I'm Jacki Lyden and this is TELL ME MORE from NPR News. Michel Martin is away this week. Coming up, there are a number of people in the U.S. who continue to insist that President Obama is Muslim, despite his Christian faith. But that begs the question: what does it matter? So what if he were? We'll talk about it what it means to be a Muslim in America in just a bit.
Originally published on Wed March 28, 2012 2:10 pm
The names Boris and Bessie Thomashefsky may not sound familiar today, but at the height of their fame in the 1920s and '30s, the Thomashefskys were one of the most famous couples in New York City's burgeoning Yiddish theater scene.
Originally published on Wed March 28, 2012 12:51 pm
Update at 12:08 p.m. ET. Everyone Had A Hard Go Of It Today:
NPR's legal correspondent Nina Totenberg tells Ari Shapiro that both sides had a tough go of it today.
During the final day of arguments, Supreme Court justices seemed split on the idea of striking the entire Patient Protection and Affordable Care Act, if its the "individual mandate" centerpiece was also found unconstitutional.
A Senate committee on Tuesday killed a measure that would establish outside oversight of Kentucky's troubled child-protective system, but a House committee revived it minutes later through a procedural maneuver. The Kentucky Press Association opposes the measure because it would exempt the investigations and records they collect from the state Open Records Act, which the state's newspapers have used to report on problems with the child-protective system.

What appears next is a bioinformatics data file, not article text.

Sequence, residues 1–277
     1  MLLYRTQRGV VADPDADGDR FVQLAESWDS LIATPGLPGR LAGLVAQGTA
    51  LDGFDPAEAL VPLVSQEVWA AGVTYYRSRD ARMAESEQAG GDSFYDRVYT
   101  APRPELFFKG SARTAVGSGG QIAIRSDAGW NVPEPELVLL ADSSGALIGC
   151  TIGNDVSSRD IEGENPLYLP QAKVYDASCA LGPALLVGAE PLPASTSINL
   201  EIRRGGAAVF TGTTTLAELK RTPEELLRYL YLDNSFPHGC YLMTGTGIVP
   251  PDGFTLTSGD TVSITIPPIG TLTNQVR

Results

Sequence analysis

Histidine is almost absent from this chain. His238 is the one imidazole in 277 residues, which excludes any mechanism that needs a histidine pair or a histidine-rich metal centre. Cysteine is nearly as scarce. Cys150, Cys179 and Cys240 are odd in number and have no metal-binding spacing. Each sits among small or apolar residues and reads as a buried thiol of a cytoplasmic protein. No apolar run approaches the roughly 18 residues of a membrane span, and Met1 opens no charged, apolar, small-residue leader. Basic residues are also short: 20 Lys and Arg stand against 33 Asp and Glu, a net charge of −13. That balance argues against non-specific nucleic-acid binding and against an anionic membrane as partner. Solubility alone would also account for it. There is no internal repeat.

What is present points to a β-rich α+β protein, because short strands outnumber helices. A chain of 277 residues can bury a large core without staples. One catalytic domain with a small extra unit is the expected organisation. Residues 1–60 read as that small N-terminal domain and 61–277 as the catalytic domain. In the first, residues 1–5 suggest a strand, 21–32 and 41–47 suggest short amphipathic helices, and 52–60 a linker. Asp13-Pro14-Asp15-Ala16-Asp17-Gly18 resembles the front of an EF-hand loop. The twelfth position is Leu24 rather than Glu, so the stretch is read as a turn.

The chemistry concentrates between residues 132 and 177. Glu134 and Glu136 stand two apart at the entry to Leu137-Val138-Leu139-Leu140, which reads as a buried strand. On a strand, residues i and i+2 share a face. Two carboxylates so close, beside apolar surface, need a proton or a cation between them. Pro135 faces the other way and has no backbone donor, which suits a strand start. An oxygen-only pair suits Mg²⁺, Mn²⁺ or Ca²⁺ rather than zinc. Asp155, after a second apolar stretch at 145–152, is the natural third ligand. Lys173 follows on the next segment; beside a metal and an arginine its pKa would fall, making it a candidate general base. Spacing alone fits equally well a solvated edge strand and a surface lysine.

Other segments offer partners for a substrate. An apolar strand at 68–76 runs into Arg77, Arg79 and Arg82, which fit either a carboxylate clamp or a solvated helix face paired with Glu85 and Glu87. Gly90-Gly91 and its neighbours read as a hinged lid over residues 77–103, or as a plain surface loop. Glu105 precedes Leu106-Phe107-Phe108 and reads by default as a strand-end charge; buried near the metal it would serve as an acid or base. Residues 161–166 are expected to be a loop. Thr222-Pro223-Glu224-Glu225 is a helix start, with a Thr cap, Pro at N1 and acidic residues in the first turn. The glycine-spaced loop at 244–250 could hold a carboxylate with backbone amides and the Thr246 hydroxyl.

Seven months after a brain-injured resident disappeared from a Falmouth personal care home and died, a bill aimed at preventing similar deaths moved closer to becoming law Tuesday. The House Health and Welfare Committee made one change to Senate Bill 115 before unanimously approving it and sending it to the full House for consideration in the final days of this year's legislative session. The sponsor of the bill, Republican Sen. Jimmy Higdon of Lebanon, said Larry Lee never should have been placed in the personal care home.
In a stunning piece published in Sports Illustrated in 2010, former sports agent Josh Luchs admitted to paying money and providing other benefits to college athletes, in clear violation of NCAA and NFL Players Association rules. Luchs, who represented more than 60 NFL athletes over the course of his career, named more than 30 former players who allegedly accepted money or other benefits while still enrolled at universities around the country.